Opinion |

The Palestinian Heroes of Hebron

The IDF won’t admit that Palestinian farmers need a military escort to work their own lands in order to keep the settlers from running riot.

Amira Hass
Amira Hass
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Kiryat Arba's security coordinator on the Jabari family's land.
Kiryat Arba's security coordinator on the Jabari family's land.Credit: Screenshot
Amira Hass
Amira Hass

When you say extreme violence carried out by settlers with official encouragement, you think of Hebron. (With apologies for leaving out of the discussion all the other settlements that enjoy a full measure of transfer-advocating violence. And to the “moderate” settlements Efrat, Ariel, Givat Ze’ev and their ilk, whose land-gluttony is supported by the official, bureaucratic violence that allocated private and public lands for the construction of middle-class suburbs for Jews — Israelis and recent immigrants — while destroying the Palestinian space.)

When you say Hebron, you think of the Old City, but you forget the neighborhoods scattered along the road on which the lords of the land travel from Kiryat Arba to the ghost town they created together with the Israel Defense Forces. All of the Palestinians who have remained — some only because they can’t afford to leave, others out of a determination not to abandon the place — are no less than heroes. Each and every one of them deserves international recognition for adhering to humanity in the shadow of one of the coarsest mutations of the Jewish people.

Kiryat Arba is built “stain after stain” of well-kept neighborhoods on all that the Jewish mind defined as “state land” or expropriated for “military needs.” In between and around the stains are Palestinian houses, orchards, vineyards and fields, on territory that Israel failed to convert into divine real estate.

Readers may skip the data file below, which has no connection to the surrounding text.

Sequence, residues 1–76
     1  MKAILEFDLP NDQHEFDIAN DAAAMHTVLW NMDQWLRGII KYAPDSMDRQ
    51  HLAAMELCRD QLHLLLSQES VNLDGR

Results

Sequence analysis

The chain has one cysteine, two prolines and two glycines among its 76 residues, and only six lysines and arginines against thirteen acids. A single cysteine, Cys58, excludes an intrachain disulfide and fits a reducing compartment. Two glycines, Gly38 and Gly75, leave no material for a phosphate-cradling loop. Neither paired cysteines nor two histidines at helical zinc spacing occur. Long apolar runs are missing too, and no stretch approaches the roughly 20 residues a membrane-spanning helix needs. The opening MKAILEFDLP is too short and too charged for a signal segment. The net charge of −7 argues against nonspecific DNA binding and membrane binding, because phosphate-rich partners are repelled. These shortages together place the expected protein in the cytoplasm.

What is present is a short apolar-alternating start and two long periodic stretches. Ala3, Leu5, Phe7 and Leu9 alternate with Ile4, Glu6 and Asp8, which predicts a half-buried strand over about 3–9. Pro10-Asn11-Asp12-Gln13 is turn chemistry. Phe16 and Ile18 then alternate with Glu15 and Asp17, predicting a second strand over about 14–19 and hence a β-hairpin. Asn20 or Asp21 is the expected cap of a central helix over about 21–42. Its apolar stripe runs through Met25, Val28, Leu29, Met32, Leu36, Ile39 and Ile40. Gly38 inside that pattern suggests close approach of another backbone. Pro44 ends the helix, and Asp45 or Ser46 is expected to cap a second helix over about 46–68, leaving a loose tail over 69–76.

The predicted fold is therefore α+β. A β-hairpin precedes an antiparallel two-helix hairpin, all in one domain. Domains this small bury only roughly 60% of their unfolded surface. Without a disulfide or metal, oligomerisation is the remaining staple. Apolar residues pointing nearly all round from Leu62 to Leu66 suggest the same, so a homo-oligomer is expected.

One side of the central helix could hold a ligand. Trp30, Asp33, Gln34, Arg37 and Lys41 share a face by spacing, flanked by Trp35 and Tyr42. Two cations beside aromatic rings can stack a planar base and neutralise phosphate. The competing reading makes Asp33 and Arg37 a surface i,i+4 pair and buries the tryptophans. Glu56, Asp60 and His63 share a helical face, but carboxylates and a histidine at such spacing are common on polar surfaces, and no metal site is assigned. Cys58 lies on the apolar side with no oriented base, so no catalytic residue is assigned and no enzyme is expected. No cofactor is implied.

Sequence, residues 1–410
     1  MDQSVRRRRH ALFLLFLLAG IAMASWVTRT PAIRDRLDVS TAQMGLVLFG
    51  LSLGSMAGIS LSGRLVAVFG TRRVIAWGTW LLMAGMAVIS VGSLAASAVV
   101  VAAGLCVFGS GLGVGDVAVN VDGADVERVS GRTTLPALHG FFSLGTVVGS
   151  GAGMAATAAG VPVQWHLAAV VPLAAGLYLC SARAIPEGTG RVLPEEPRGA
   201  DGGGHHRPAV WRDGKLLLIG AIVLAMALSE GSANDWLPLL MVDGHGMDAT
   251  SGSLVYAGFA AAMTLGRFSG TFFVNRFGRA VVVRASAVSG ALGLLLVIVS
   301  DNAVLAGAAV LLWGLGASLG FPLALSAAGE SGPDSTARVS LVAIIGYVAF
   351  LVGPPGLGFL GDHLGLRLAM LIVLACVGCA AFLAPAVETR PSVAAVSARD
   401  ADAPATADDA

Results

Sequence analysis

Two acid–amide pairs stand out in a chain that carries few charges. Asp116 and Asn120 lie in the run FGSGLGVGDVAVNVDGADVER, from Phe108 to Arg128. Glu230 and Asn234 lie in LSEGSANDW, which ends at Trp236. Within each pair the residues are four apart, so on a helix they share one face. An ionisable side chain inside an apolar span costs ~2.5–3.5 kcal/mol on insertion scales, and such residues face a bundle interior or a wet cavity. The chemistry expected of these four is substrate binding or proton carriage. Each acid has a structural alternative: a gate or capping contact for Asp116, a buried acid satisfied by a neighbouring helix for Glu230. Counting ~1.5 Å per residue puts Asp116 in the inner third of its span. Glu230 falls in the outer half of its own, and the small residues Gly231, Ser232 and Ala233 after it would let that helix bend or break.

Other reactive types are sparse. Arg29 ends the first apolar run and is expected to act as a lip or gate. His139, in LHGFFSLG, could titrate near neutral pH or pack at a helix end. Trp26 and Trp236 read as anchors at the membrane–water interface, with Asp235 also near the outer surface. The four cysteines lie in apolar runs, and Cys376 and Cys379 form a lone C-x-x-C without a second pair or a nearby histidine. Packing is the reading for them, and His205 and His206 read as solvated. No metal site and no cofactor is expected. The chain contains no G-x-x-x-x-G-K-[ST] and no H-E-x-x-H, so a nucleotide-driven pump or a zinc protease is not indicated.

For that reason, the people who live alongside the road, closed to Palestinian traffic, between Kiryat Arba to the center of Hebron, are also heroes, as I learned last week from my acquaintance with the family of Abdul Karim Jabari. (Haaretz Feb. 19). This heroism bears the repeat mention of their story.

Is there anything the Jabaris did not endure? A prohibition, that persisted for around six years, on accessing and working their farmland. The erection by settlers of an illegal structure that occupied a significant portion of this area — which the Israeli authorities demolish repeatedly, only to be rebuilt again and again. Physical assaults, damage to their trees, the disruption of their work and astronomical property taxes.

On January 19, three weeks after the government said that Kiryat Arba had no authority to collect arnona local property tax from the Jabaris, the army raided their home on the pretext of searching for weapons. Really? It was predicated on intelligence, I was told.

False intelligence, that is, because no one was arrested and the IDF Spokesman’s Office did not report any confiscations. All we can do is to wonder who supplied the false information. In addition, on February 8 Kiryat Arba’s security coordinator discovered that Jabari was plowing his land, decided that it had not been coordinated and ordered soldiers to stop the plowing.